On June 5, Bahrain, Saudi Arabia, Egypt, the United Arab Emirates, Yemen, Libya, the Maldives and Mauritius severed diplomatic relations with Qatar. The states accused Qatar of supporting terrorist groups, particularly the Muslim Brotherhood terrorist movement, as well as of interfering in other countries’ domestic affairs.
Libya made a similar decision. Yemen cut diplomatic relations citing Doha’s links with Houthis. The Maldives took the same step, citing extremism and terrorism concerns. Mauritius joined the boycott. Mauritania broke off diplomatic ties with Qatar while Jordan downgraded ties with the country on June 6.
The Qatari Foreign Ministry rejected the accusations of Doha’s interference in other countries’ domestic affairs and expressed regret over the decision of the Gulf States to cut off diplomatic ties with it.
What’s Behind Saudi-Qatar Row
At first sight, it seems that the conflict can easily be resolved. The Qatari government claimed that the formal reason for the conflict was fake news story planted by hacker on the website of Qatar’s news agency on May 23. The story attributed false remarks to the national leaders, in which he made friendly comments about Iran and Israel and also questioned how long United States President Donald Trump would remain in office.
Doha quickly responded, saying that the website was hacked, which was later confirmed by FBI specialists.
Gevorg Mirzayan, Associate Professor at the Department of Political Sciences of Finance University under the Russian Government, suggested that the incident was only a pretext for Saudi Arabia and there are some real and important reasons for such a “punishment.”
First, Riyadh claims that Doha breaks the rules in the struggle for political influence in the Arab world. While Saudi Arabia has long betted on financing political elites in other countries, Qatar’s main weapon is soft power, including Al-Jazeera broadcaster. According to Mirzayan, soft power has repeatedly proved more effective than Riyadh’s policy of political and ideological support.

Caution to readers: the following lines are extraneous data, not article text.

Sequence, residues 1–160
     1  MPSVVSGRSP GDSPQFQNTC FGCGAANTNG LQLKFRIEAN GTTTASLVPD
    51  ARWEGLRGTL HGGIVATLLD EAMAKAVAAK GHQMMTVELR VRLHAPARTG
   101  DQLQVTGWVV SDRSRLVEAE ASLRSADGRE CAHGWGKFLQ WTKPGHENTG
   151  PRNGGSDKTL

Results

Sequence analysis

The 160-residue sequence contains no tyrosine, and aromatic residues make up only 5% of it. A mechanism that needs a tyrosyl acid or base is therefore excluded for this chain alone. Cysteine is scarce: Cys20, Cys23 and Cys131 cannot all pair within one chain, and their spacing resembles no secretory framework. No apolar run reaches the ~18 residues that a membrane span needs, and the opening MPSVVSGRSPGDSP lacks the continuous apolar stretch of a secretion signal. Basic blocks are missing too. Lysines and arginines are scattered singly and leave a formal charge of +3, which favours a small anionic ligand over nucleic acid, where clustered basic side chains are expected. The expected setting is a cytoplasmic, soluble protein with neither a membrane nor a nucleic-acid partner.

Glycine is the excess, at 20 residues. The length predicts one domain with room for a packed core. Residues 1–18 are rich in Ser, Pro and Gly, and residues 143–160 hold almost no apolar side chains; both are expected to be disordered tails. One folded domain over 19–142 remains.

Second, there have been repeated claims that the Qatari leader has connections with radicals, including Daesh. However, Mirzayan noted that as for Saudi Arabia its tensions with Qatar are related to the fact that Doha is a sponsor of the Muslim Brotherhood, which Riyadh sees a threat.
Russian expert in Arab studies Igor Alexeyev noted that the ideology of the Muslim Brotherhood is based on kind of a doctrine of dogmatic and legal centrism. According to it, Ummah is not a community of true believers, but rather a historical entity uniting all Muslims despite their views and beliefs.
“Such a doctrine contradicts the radical concept of Wahhabism, which forms the core of Riyadh’s domestic and foreign policy,” Mirzayan wrote in an op-ed for Sputnik.
The final reason, according to the expert, is the fact that Qatar has the friendliest ties among the members of the Gulf Cooperation Council (GCC). Doha has long called to ease tensions between the Gulf and Tehran. While previously Riyadh had to get along with the fact, but the recent developments in Syria, Iraq and Yemen have changed the situation. Currently, Saudi Arabia is implementing an anti-Iranian policy, including using the support from Washington.
“The isolation of Qatar was widely being taken as a clear message from Saudi Arabia that in the new order, no softness on Iran or on the Muslim Brotherhood would be tolerated,” an article in The New York Times read.